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RECKONING DATES in the ROMAN CALENDAR (1) .pdf



Original filename: RECKONING_DATES_in_the_ROMAN_CALENDAR (1).pdf
Title: PowerPoint Presentation
Author: Seeger, Ryan

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KALENDS, NONES, & IDES
• The Romans didn’t count the days in the month straight through from
1 – 31.
• Instead, they divided up each month into 3 parts.
• They counted each day prior to that part in the month.

• The 3 dividing parts (or markers)
• 1st—Kalends
• 5th—Nones
• 7th for March, May, July, October

• 13th—Ides
• 15th for March, May, July, October

CONVERTING THE MODERN CALENDAR TO THE ROMAN CALENDAR

• January 1 = The kalends of January
• January 2 = 4 days before the nones of January
 5 (nones) minus 2 (current day) = 3
• But the Romans counted inclusively.

 5 (nones) minus 2 (current day) = 3 + 1 = 4
• It’s 4 because we must count each day (Jan 2, 3, 4, & 5).

 You will write 4 a.d. nones of January
• a.d. = ante diem (before the day)

CONVERTING THE MODERN CALENDAR TO THE ROMAN CALENDAR

• January 3 = 3 days before the nones of January
• January 4 = 2 days before the nones of January
However, if the day is one day before the marker,
then simply say:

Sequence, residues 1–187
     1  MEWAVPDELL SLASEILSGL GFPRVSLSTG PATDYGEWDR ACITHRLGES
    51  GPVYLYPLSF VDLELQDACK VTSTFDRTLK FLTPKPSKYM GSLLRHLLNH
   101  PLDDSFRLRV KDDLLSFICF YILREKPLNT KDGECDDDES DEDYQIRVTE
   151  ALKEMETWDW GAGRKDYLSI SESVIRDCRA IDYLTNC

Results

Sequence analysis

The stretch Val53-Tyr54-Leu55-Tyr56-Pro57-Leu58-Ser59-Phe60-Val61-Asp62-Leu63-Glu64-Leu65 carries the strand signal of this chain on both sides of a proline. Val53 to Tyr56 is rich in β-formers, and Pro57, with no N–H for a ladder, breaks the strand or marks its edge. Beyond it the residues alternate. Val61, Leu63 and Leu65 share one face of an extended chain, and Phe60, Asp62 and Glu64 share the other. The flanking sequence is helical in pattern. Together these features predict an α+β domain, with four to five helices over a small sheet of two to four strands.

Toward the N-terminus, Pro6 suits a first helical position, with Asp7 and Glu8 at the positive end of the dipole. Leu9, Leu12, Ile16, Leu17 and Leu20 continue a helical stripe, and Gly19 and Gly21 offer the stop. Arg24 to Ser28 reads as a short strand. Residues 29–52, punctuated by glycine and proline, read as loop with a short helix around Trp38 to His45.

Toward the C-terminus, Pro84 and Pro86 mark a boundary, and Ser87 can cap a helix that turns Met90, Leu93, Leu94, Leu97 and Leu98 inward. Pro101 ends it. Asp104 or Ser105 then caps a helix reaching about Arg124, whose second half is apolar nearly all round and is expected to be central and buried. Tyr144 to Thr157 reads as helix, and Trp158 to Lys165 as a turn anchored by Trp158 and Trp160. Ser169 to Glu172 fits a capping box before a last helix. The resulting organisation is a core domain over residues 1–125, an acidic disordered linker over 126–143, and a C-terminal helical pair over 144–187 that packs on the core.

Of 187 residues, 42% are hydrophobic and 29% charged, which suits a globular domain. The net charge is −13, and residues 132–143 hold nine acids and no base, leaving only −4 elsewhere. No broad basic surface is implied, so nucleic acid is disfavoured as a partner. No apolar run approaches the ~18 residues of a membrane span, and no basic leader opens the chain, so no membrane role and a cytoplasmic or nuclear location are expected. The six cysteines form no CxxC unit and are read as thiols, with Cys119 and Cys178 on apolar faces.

• pridie (“the day before”) nones of January
• January 5 = the nones of January

CONVERTING THE MODERN CALENDAR TO THE ROMAN CALENDAR

• January 6 = 8 a.d. ides of January
 13 (ides) minus 6 (current day) = 7 + 1 = 8

• January 13 = The ides of January
• January 14 = 19 a.d. kalends of February
 We must go to the next marker (kalends of February).
 31 (end of month) minus 14 = 17 + 1 = 18
• Add one more to include the kalends of February

 31 (end of month) minus 14 = 17 + 2 = 19

SPECIAL MNEMONIC
In March, July, October, May
The Ides are on the 15th day
The Nones the 7th
But all besides
Have two days less
For the Nones and Ides

ROMAN CALENDAR
• What is today’s date in the Roman calendar?
• What is your birthday in the Roman calendar?

ROMAN YEARS
• The Romans number their years starting from their
first year with the mythical founding of Rome by
Romulus
• 753 B.C. = 1 Ab Urbe Condita (A.U.C.)
• 752 B.C. = 2 A.U.C.
 753 –752 = 1 + 1 (inclusive counting) = 2 A.U.C.

• 751 B.C. = 3 A.U.C.

ROMAN YEARS
• If Caesar died in 44 B.C., what was the Roman year (A.U.C.)?
 753 – 44 = 809 + 1 = 810 A.U.C.

• If Mt. Vesuvius erupted in A.D. 79, what was the Roman year
(A.U.C.)?
 753 + 79 = 832 A.U.C.

• If Rome fell in A.D. 476, what was the Roman year (A.U.C.)?
 753 + 476 = 1229 A.U.C.


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